Symptomatic remission and patient quality of life in an observational study of schizophrenia: is there a relationship?

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Journal Article
Psychiatry Res, 2014, 220 (1-2), pp. 163 - 169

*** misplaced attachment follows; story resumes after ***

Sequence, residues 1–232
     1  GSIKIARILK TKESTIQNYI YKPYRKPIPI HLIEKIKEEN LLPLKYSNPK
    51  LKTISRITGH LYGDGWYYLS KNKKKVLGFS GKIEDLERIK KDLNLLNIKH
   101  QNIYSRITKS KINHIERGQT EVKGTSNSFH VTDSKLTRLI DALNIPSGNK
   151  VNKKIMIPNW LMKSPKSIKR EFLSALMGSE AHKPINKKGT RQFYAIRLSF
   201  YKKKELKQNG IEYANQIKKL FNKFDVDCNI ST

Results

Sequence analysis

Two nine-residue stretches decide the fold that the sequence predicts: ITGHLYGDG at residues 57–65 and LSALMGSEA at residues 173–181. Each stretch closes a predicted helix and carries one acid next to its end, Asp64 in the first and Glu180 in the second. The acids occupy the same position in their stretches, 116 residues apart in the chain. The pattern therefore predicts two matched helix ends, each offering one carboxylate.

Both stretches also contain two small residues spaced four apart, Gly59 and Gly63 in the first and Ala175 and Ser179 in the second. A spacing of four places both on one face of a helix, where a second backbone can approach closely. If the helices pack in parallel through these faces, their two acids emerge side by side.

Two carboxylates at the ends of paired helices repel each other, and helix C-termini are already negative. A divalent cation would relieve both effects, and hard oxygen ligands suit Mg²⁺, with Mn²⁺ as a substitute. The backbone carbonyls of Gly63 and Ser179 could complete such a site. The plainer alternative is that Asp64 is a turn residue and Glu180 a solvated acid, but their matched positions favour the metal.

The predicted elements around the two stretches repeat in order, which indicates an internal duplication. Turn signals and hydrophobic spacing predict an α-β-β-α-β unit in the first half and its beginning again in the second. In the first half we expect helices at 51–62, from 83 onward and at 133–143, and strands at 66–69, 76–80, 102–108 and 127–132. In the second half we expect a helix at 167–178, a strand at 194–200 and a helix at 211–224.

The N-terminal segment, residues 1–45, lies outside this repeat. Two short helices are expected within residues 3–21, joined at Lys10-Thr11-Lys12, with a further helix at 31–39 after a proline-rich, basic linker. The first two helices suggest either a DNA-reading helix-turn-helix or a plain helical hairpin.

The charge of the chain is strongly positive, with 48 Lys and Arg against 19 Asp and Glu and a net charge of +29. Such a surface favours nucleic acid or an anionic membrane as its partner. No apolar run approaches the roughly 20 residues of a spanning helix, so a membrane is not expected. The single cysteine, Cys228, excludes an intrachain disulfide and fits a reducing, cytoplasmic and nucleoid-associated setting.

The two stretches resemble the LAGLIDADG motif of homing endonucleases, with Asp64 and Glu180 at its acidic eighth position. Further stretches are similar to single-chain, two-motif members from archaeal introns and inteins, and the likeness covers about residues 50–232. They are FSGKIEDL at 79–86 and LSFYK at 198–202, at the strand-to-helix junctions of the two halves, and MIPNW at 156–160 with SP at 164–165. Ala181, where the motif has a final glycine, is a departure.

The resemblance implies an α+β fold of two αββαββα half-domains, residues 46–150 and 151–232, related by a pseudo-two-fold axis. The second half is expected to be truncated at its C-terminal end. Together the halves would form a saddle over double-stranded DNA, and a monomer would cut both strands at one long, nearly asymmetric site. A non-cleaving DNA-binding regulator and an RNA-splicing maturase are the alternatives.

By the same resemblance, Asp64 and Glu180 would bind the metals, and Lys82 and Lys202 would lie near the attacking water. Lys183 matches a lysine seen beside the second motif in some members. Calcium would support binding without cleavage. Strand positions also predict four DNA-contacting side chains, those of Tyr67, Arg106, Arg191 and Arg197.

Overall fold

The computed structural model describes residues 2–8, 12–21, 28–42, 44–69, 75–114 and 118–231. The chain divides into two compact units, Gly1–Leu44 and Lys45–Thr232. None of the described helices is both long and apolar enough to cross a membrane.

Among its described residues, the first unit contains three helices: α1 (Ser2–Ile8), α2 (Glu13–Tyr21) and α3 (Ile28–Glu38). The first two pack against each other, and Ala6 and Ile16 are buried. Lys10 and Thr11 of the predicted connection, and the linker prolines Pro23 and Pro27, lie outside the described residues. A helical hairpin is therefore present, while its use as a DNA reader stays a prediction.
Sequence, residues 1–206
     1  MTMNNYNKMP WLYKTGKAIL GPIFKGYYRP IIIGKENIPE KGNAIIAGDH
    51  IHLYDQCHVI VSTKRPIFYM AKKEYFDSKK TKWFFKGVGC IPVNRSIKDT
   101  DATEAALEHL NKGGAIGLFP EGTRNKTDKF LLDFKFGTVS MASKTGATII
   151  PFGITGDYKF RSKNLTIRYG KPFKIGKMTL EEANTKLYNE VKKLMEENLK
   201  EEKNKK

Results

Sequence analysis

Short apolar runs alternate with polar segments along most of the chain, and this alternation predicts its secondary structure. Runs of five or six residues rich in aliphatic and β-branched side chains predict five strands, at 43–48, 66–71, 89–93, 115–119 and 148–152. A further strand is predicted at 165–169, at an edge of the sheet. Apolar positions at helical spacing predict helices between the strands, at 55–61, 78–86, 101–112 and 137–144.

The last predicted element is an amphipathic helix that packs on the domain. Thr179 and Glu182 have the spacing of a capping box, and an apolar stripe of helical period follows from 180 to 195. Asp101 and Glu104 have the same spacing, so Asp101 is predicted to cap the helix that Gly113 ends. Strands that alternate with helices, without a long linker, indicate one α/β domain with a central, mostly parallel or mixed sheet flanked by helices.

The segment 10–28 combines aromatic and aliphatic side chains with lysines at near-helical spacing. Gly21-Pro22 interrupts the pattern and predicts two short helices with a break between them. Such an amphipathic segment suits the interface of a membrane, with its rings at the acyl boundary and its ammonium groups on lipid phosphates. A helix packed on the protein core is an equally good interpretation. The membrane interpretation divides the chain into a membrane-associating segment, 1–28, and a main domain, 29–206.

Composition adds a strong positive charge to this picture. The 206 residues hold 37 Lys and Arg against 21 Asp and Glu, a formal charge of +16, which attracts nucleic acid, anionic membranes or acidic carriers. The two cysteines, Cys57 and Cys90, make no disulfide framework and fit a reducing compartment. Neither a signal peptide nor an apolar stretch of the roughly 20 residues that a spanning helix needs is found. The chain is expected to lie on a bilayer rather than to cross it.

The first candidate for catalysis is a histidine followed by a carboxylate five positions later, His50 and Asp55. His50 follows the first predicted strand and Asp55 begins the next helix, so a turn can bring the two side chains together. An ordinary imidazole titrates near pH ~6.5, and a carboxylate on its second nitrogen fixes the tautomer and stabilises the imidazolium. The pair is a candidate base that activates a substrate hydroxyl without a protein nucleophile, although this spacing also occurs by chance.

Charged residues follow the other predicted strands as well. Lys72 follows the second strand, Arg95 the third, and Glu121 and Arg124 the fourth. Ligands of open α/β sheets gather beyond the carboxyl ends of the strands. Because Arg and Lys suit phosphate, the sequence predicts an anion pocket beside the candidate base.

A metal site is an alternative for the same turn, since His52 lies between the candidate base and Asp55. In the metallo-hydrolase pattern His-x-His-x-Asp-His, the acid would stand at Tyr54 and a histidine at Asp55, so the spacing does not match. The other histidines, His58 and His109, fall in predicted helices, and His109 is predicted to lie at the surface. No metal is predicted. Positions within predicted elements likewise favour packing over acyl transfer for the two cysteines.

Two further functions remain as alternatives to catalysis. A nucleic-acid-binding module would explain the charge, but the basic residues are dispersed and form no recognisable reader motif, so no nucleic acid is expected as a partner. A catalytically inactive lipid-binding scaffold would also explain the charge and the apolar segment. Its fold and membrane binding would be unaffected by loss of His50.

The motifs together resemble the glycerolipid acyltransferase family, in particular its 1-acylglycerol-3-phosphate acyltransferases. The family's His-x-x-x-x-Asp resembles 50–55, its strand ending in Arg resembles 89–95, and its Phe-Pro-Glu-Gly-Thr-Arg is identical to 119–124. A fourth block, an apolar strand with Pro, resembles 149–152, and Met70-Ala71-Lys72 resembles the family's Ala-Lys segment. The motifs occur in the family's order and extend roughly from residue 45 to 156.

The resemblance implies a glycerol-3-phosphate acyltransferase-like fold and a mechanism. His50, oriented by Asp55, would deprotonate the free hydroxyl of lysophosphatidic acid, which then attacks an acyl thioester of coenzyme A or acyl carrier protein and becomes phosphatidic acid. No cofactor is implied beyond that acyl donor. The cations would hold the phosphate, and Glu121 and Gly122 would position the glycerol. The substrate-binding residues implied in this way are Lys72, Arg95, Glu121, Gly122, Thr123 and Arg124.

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This analysis aimed to examine the association between remission and quality of life (QOL) in schizophrenia. In post-hoc analyses of the 3-year, prospective, observational Schizophrenia Outpatients Health Outcomes (SOHO) study, we compared the QOL of patients who achieved symptomatic and clinical remission with those who did not, and the factors associated. Symptomatic remission was defined as achieving a score of ≤3 on the Clinical Global Impression-Schizophrenia (CGI-SCH) scale, maintained for 6 months and without hospitalization. QOL was patient self-rated using the European-QOL. Of the 6516 patients analyzed, 38% were in symptomatic remission 12 months post-baseline and 52% at 36 months. Functional remission remained fairly constant from 12 months to 36 months (22.4% at both time points). At all visits from 12 to 36 months, patient QOL and social functioning were significantly higher for patients in symptomatic remission. QOL was higher in patients in functional remission. Patients with maintained symptomatic remission over the 3-year follow-up had a much greater improvement in QOL than patients with no symptomatic remission or symptomatic remission for part of the period. Factors associated with a better QOL also included paid employment, socially active, a higher CGI-SCH cognitive score, good compliance, and a better baseline QOL.
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